Date of Award

Spring 2000

Document Type

Thesis

Degree Name

Master of Science in Chemical Engineering - (M.S.)

Department

Chemical Engineering, Chemistry and Environmental Science

First Advisor

Robert Pfeffer

Second Advisor

Rajesh N. Dave

Third Advisor

Henry Shaw

Abstract

This study is directed at enhancing our understanding of the mechanism of dry coating and granulation in a rotating fluidized bed (RFB). The main objective was to study the feasibility of the coating and granulation processes using an REB, both quantitatively and qualitatively.

A force balance and kinetic model is applied to explain the coating phenomenon and also to investigate why coating takes place in certain particle material systems and not in others. An equation for the resultant velocity with which one particle collides with another has been suggested for the rotating fluidized bed coater. A condition, which predicts whether the colliding particles will stick together, has also been suggested. Experiments show that coating occurs with some host particles while it does not occur with others, in agreement with theoretical analysis.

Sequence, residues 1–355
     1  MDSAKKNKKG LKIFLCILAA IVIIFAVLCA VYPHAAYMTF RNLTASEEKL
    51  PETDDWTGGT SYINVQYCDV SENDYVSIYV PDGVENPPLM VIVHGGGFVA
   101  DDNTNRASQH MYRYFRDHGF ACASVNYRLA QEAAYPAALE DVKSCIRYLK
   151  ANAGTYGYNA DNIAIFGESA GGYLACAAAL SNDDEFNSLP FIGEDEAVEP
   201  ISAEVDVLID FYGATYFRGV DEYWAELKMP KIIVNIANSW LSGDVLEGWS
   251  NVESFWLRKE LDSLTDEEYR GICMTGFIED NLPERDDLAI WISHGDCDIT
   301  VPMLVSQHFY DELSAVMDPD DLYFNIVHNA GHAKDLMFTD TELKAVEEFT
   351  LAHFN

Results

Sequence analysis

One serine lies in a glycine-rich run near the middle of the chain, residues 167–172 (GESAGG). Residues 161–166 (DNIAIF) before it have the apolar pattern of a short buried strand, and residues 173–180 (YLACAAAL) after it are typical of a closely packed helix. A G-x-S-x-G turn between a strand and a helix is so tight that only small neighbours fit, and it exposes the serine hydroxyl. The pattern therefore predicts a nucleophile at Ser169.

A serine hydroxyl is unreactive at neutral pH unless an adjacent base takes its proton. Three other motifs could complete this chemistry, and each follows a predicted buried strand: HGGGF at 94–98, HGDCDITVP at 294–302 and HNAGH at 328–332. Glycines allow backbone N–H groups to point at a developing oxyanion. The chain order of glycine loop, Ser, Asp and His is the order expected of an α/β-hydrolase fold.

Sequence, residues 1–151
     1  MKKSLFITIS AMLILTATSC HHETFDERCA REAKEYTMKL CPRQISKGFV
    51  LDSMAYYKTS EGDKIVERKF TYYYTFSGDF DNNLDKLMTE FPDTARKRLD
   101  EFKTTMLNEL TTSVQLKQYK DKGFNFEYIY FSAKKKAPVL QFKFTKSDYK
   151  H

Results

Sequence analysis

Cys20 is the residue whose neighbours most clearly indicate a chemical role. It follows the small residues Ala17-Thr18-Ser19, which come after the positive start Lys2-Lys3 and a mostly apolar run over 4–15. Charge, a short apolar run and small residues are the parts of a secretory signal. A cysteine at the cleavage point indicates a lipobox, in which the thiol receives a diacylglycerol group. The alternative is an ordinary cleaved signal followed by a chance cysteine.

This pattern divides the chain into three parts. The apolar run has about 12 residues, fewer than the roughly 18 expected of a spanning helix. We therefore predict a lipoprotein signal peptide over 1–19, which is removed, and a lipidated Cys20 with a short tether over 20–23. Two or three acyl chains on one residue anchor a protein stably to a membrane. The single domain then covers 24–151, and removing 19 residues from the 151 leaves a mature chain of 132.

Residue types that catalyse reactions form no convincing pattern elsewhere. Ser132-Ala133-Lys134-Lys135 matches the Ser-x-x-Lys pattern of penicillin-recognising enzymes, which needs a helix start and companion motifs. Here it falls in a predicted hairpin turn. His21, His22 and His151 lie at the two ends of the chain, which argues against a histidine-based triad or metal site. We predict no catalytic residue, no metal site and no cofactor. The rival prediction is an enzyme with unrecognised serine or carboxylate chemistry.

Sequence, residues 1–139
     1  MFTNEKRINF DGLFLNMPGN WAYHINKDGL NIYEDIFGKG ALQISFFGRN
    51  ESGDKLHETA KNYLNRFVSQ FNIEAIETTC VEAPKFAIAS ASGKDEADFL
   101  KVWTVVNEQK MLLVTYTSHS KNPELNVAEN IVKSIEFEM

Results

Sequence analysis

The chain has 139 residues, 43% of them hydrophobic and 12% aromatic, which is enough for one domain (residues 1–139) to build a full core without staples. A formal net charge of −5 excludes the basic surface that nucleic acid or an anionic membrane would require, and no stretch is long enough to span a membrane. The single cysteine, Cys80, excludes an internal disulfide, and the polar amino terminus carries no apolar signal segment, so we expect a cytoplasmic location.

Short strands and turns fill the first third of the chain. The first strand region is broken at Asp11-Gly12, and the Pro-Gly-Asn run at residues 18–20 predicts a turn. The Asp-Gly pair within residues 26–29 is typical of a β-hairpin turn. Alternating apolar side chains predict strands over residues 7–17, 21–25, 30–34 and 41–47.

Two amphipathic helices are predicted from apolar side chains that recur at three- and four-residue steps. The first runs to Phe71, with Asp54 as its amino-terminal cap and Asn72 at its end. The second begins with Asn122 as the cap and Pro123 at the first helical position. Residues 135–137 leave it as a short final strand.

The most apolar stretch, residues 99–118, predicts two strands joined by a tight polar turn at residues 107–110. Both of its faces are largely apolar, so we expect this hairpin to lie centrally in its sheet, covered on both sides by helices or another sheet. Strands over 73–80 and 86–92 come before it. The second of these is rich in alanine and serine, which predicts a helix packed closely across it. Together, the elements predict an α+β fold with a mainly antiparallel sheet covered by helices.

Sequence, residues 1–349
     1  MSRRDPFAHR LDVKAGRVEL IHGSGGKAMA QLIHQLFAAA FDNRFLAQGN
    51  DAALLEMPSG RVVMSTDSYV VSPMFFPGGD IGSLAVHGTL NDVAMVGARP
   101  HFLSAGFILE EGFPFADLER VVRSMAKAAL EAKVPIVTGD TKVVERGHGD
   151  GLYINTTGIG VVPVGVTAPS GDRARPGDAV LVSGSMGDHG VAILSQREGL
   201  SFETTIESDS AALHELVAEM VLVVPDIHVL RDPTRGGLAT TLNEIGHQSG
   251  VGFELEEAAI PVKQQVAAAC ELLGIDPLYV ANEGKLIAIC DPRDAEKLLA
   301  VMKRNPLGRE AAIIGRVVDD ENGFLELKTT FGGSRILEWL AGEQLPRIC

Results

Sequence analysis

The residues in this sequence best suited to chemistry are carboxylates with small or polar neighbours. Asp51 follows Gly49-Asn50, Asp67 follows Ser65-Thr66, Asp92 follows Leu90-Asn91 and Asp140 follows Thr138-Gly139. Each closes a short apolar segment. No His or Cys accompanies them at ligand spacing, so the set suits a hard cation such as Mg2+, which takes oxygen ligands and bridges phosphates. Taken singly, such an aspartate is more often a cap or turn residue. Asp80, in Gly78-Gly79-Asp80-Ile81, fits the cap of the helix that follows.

It has been observed that Geldart Group C particles do not deagglomerate in the rotating fluidized bed. Thus it is assumed that they will collide with the host particle or with themselves to form larger agglomerates. However, experimental observations show a uniform and a fairly good quality of coating, which indicates that the agglomerated particles redistribute after sticking on to a host.

In the granulation studies, the method for binderless granulation using a conventional fluidized bed has been established. A rotating fluidized bed, in principle, operates on the same concept, except that during the forward gas flow, i.e., the fluidization phase, a higher gas throughput is achieved because of higher g due to the centrifugal force. This should result in better adherence between particles and formation of granules. The reverse flow rate will have no impact on the granulation since the reverse flow rate depends only on supply pressure but will aid in compaction. Hence, the strength of the agglomerate should be the same as that achieved with a conventional fluidized bed granulator using pressure swing.

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